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Making the MissionPlanning and Ethnicity in San Francisco$
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Ocean Howell

Print publication date: 2015

Print ISBN-13: 9780226141398

Published to Chicago Scholarship Online: May 2016

DOI: 10.7208/chicago/9780226290287.001.0001

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Who Holds Final Authority?

Who Holds Final Authority?

The San Francisco Redevelopment Agency and the Mission Council on Redevelopment

(p.258) Eleven Who Holds Final Authority?
Making the Mission

Ocean Howell

University of Chicago Press

This chapter details the surprising encounter between the neighborhood-based planning groups and the San Francisco Redevelopment Agency (SFRA). The neighborhood groups had originally invited the SFRA to engage in collaborative planning for the Mission District, partly because they viewed the urban renewal program as the best tool to prevent the speculative displacement that might be triggered by the coming BART stations, and partly because they worried that the agency might otherwise try to clear the Mission. In fact, the SFRA had never planned to clear the neighborhood, and it proved willing to collaborate with the new Mission Council on Redevelopment (MCOR). However, problems arose when the SFRA revealed a plan that would have radically transformed the areas immediately surrounding the coming BART stations.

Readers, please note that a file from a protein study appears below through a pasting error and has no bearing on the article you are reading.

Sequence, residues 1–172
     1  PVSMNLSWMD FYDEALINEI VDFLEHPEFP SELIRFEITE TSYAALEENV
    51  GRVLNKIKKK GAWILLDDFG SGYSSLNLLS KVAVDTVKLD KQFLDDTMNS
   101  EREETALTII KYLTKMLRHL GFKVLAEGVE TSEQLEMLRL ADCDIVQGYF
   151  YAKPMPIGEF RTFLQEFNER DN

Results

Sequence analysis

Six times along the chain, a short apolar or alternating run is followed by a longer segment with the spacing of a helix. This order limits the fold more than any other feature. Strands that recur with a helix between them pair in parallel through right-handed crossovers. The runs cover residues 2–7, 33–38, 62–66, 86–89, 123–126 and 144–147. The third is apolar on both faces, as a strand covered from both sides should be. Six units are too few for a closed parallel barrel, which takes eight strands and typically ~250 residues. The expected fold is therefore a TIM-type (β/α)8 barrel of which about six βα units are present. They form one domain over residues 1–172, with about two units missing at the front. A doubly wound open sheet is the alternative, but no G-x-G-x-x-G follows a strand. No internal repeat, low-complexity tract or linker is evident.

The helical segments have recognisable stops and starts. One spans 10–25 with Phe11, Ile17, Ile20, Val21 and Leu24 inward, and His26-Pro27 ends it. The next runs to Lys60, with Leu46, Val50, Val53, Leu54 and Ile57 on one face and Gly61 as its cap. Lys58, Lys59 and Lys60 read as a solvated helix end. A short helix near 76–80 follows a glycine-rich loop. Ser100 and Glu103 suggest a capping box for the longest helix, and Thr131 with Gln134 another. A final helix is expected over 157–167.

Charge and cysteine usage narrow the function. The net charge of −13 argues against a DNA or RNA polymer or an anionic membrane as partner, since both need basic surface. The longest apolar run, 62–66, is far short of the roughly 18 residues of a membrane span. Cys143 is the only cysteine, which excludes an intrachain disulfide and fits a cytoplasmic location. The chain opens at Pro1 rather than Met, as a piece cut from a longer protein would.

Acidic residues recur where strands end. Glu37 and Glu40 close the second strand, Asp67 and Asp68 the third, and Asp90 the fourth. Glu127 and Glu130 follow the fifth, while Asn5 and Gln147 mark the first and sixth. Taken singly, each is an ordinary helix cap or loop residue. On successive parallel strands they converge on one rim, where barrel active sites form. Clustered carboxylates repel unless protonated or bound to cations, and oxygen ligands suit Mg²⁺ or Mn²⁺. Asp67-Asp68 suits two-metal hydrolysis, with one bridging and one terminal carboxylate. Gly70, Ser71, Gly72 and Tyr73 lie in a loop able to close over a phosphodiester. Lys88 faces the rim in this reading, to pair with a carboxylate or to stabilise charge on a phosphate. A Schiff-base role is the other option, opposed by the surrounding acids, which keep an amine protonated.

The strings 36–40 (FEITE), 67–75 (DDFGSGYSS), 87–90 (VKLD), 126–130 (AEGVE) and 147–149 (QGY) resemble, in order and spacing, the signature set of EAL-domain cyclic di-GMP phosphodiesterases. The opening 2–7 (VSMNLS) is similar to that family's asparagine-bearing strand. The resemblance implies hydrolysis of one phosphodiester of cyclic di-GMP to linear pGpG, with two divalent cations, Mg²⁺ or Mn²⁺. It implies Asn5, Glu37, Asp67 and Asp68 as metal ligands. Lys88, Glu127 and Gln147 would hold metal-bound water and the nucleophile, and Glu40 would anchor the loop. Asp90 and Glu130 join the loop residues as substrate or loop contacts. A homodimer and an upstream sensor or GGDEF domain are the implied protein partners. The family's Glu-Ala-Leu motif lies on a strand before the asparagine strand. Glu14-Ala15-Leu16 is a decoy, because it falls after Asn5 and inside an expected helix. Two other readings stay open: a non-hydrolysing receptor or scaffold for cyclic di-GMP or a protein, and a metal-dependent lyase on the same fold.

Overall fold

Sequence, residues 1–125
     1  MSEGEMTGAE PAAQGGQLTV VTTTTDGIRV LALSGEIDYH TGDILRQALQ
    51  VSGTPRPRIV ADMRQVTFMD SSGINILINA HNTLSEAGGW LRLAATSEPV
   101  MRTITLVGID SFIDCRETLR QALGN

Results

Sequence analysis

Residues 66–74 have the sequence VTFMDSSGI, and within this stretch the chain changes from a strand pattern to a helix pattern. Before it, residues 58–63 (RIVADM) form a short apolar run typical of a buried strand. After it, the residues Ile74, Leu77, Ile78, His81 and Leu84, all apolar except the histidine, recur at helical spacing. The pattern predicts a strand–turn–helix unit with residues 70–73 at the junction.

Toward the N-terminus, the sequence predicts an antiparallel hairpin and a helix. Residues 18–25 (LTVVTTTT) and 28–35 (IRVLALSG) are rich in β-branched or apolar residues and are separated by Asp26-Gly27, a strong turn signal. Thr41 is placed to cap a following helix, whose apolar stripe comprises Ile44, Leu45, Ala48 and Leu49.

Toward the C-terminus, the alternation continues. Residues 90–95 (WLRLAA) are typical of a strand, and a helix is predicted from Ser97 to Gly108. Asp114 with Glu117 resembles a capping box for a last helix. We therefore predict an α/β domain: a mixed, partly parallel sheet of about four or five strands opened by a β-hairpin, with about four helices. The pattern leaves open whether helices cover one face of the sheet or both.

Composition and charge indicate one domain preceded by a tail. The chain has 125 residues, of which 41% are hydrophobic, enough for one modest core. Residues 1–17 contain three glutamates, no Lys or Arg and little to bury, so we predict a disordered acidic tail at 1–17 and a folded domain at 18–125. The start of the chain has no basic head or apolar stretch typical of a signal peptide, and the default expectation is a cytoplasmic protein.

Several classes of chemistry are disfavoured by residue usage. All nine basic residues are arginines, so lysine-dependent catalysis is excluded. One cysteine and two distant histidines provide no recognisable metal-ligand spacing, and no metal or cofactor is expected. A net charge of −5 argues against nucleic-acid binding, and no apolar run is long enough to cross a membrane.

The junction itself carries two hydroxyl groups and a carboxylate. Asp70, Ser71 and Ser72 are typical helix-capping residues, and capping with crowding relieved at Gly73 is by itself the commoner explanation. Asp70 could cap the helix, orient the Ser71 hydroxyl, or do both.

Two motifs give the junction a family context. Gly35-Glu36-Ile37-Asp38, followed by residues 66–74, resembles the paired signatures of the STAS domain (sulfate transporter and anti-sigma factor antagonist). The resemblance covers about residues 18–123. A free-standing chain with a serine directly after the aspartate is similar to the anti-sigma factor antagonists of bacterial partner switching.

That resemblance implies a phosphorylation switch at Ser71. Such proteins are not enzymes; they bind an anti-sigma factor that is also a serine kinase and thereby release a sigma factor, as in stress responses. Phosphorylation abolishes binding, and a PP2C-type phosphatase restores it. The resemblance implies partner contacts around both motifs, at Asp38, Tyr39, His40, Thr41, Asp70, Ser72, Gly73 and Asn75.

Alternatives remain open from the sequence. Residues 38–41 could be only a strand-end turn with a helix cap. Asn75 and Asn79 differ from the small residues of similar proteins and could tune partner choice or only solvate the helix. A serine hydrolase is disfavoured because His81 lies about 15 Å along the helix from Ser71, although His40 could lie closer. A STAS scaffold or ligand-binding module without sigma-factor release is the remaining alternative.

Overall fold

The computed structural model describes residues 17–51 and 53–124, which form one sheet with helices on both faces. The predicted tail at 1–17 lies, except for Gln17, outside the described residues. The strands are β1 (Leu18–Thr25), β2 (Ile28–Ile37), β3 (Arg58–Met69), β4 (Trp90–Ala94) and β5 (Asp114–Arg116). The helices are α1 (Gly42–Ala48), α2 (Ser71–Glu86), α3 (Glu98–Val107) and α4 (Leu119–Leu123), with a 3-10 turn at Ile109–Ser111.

Keywords:   urban renewal, neighborhood-based planning, Bay Area Rapid Transit (BART), downtown San Francisco, San Francisco Redevelopment Agency, Mission Council on Redevelopment (MCOR), municipal government, model cities, great society

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